The follow up to No One Told Me It Would Be This Hard: Part I . . .
The day of the induction and delivery of my baby was not at all what I thought it would be like. I had Pitocin administered through an IV at 6:00am the next day and by 11:00am my water broke and all hell broke loose in my body. I went from feeling like I could handle labor and the level of pain I was experiencing to having my husband and Doula take turns jamming their fists into my back. I was one of the unfortunate women who have posterior babies (the baby’s skull is in the back of the pelvis). It was the most incredible back pain I have ever experienced and I needed the counter pressure of their fists to get through each contraction. Once I reached 8 centimeters I asked for something to slow the contractions down and give me a break! They gave me a small amount of pain medication but it didn’t do much to help me. I eventually got to 10 centimeters and started pushing. Everyone kept telling me to grab my legs and thought to myself, they want ME to grab my legs?
I am normally very modest and well-mannered but at this point I didn’t care what was showing or coming out of me, and I was swearing like a sailor. I always hear women say that they are nervous they might poop. When you reach the point of no return, you don’t care what is going on, you just want that baby out of you. I was placed in all kinds of squatting positions and nothing worked. Two hours later, my bladder was swelling and there was no head in sight. I was in a lot of pain and the decision was made to have a C-section before it turned into an emergency C-section. It was the worst case scenario for me, but I knew I didn’t have a choice. I had a spinal block/epidural and by 6:41pm, I had a baby. It wasn’t what I envisioned but I had a healthy baby and eventually came to terms with the outcome. Many women experience a range of emotions and go through a grieving process when they have an undesirable birth experience. Information and resources for women who have had cesareans can be found at the International Cesarean Awareness Network.
According to the National Center for Health Statistics, 1 in 3 babies in the United States are delivered by C-section. Over the past 10-15 years the rate of Cesarean births has increased dramatically. As cited in USA Today, between 2002 and 2009, the number of Cesarean deliveries rose significantly, from 27 percent of births to 34 percent. Some Cesarean sections (C-sections) are performed because they are medically necessary due to complications that may affect the mother or baby; sometimes they are used to prevent a medical issue from occurring; and sometimes they are voluntary. According to a report from the March of Dimes and the American Pregnancy Association the following are the most common reasons C-sections are performed in the United States:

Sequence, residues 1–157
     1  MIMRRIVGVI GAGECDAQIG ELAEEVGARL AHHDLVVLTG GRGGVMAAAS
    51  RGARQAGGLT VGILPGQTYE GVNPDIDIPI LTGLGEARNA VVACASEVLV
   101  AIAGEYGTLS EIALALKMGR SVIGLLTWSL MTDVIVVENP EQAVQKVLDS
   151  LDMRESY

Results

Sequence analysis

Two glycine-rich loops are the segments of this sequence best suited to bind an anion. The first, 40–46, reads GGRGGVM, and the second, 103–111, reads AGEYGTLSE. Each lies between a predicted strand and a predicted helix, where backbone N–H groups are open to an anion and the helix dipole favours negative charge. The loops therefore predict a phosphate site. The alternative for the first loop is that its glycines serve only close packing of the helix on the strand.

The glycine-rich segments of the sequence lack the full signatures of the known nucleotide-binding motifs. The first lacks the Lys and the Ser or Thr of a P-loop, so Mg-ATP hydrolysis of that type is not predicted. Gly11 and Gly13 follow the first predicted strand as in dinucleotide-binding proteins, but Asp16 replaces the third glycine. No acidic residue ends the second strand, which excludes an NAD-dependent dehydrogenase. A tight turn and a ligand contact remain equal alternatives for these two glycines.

- Some women request them because they don’t want to have the baby vaginally.
- The timing of the delivery is more convenient for the doctor or the mother.
- Women now give birth later in life and are considered to be at higher risk for complications during pregnancy and delivery.
- Medical issues such as high blood pressure, diabetes, obesity, preeclampsia, etc.
- During labor and delivery there could be issues with the placenta, umbilical cord, the baby could be breech or in distress, the mother could have an infection, etc.
- If the women is delivering multiple babies.
- Some women may not have any education on the procedure and opt for it right away when they believe there could be a potential complication.
- Fear of malpractice.
- Some suggest that inducing labor or using epidural drugs may increase the likelihood of having a C-section.